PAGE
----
So it’s time for network pros to start getting their game in shape to deal with IoT. Network professionals need to be part of the design team, but they also need to become conversant in the growing set of network options for IoT. That type of expertise will be critical in specifying, evaluating and selecting the particular IoT transport to use for each application. However, IoT also represents a major challenge in terms of network management.

As we have already seen, hackable IoT devices currently represent a major security weakness. IoT endpoints must improve in terms of security, but also in their ability to be managed. We will need systems to monitor usage and performance, provide troubleshooting assistance, maintaining records of device types, software/firmware releases, locations, deliver software updates and support all of the other management functions needed to maintain and operate any large-scale network.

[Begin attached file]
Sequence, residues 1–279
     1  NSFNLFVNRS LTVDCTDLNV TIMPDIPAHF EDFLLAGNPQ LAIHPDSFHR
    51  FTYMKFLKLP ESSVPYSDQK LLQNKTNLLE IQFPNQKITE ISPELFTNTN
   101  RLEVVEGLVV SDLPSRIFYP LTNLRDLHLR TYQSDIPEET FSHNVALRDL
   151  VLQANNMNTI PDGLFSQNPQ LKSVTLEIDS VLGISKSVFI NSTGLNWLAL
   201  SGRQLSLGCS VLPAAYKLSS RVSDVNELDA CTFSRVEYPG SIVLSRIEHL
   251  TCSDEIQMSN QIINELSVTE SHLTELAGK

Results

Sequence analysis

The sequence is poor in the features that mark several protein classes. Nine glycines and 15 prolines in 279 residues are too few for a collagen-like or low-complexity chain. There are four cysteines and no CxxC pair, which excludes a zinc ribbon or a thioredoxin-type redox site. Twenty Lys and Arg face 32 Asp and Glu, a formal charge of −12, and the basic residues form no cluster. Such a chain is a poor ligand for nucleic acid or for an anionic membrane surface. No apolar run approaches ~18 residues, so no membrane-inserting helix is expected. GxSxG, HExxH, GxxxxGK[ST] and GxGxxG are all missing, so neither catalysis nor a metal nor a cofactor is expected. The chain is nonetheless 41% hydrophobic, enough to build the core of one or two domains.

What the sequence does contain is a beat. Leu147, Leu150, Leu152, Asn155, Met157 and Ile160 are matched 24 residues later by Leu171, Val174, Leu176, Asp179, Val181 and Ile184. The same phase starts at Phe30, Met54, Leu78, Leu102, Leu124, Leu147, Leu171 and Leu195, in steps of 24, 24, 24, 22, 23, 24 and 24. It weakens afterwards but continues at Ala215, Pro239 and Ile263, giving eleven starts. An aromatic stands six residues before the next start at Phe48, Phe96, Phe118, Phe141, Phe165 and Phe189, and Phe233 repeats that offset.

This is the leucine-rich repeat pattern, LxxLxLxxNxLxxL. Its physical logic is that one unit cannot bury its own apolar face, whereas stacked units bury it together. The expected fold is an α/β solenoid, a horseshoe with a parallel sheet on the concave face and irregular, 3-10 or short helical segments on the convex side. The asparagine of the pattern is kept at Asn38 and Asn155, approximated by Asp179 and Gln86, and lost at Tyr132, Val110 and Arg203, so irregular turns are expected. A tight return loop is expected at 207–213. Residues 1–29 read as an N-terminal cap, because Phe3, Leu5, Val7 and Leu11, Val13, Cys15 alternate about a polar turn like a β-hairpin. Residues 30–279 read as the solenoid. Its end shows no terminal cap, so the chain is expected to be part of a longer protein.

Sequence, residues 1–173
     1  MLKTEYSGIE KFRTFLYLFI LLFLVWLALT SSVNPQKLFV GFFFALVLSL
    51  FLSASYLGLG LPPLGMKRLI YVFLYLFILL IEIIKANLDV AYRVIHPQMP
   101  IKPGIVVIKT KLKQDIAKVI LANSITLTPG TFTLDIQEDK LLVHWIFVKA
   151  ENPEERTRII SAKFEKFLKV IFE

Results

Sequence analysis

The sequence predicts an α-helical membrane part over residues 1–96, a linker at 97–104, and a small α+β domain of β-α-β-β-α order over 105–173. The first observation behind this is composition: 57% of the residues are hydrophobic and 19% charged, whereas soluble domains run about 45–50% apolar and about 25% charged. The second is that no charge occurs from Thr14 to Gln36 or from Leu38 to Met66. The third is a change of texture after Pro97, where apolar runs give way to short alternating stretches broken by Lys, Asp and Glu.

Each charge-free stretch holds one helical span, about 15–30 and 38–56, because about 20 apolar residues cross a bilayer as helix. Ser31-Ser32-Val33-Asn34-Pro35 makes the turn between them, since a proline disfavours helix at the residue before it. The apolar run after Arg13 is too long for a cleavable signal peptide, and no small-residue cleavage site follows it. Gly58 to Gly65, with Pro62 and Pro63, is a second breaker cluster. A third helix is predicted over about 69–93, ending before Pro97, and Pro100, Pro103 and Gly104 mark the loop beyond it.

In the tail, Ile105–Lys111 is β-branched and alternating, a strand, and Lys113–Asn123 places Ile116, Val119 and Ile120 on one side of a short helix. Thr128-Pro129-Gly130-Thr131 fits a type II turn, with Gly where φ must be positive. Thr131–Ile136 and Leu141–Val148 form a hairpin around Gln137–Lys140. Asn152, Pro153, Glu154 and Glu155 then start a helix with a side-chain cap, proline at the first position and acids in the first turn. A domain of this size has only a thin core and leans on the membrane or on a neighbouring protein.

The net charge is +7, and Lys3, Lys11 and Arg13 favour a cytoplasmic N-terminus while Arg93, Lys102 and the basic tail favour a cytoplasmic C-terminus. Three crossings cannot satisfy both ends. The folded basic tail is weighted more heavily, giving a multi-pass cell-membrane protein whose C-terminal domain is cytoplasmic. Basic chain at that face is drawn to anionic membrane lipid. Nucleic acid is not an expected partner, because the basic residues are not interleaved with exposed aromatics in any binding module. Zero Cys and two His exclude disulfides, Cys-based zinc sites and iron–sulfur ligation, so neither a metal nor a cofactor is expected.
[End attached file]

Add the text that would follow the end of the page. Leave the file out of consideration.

IoT represents a major opportunity to network professionals and systems integrators, though it seems that only the PR people have come to recognize it. While brochures and white papers are nice, I have found that customers are more impressed with competence and expertise.

To participate in what many of us expect to be the next major advance in networking, you first need to develop that expertise. From there, the challenge becomes selling the need for networking expertise to deliver an IoT solution that really works. Unfortunately, application developers always seem to have a blind spot when it comes to recognizing networking issues and challenges.

IoT is going to be the next great adventure in networking. I hope you get your ticket punched, because the train is pulling out of the station.